You will find the download of the 2015 TEDDY programme guide here


DJs @ SchwuZ


DJS @ Schwuz 06.02.15


©Goodyn Green

Ena Lind has been a mainstay of the Berlin scene since 2006. As an electro DJane she exudes a creativity and energy that moves clubbers to their core and never fails to get the dance floor moving. Her feel for timing, her awareness of her audience, her selection of tunes and her sense for the theatrical transform her sets into dramatic performances, into musical journeys through the night. And her vivacious character undoubtedly adds a particular spark to her gigs.



The first Janus – operated by two Americans, with a German local, Lotic, as resident DJ – party debuted just over a year ago with Jersey club king DJ Sliink; subsequent events have featured the likes of Venus X, Total Freedom, Jam City, Slava, Ssion, Teengirl Fantasy and more. These kinds of hyper-modern, cross-genre club pollination sets occur regularly in New York, for instance, but while most of these DJs and producers are American, Europeans do clubbing better and that’s reflected here.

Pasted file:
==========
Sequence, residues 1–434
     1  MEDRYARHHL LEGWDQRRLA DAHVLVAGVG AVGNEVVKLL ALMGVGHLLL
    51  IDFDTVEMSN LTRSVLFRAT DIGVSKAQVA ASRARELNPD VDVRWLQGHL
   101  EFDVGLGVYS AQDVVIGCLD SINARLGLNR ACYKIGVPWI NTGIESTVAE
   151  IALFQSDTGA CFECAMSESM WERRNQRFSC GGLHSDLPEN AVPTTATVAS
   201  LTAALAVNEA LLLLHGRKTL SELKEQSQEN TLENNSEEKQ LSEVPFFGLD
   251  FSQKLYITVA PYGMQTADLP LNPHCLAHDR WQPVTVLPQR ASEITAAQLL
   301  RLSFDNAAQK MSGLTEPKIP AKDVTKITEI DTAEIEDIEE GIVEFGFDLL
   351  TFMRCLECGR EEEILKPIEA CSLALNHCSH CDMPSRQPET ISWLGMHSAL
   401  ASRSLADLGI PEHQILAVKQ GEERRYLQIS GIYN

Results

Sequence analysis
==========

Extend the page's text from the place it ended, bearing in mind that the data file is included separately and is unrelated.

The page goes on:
Julie chance und Ena Lind ©Matthias Hamann

Over the years, Julie Chance has been an active DJ in her hometown Dublin, London and now in her current home of Berlin, where she’s quaked the floors of Berghain, Gretchen and Festsaal Kreuzberg.  Whether in a dark and dingy basement at 4 a.m. or amidst the fashion elite at a daytime tradeshow, Julie knows how to rock the house—and “house” is definitely her modus operandi, with an arsenal ranging from old Chicago classics to sleek, cutting-edge tech-house, always developing her style by digging through the crates of history as well as sniffing out the latest tracks. Aside from DJing, Julie is a founding member of the electro/shoegaze band Kool Thing and an art photographer.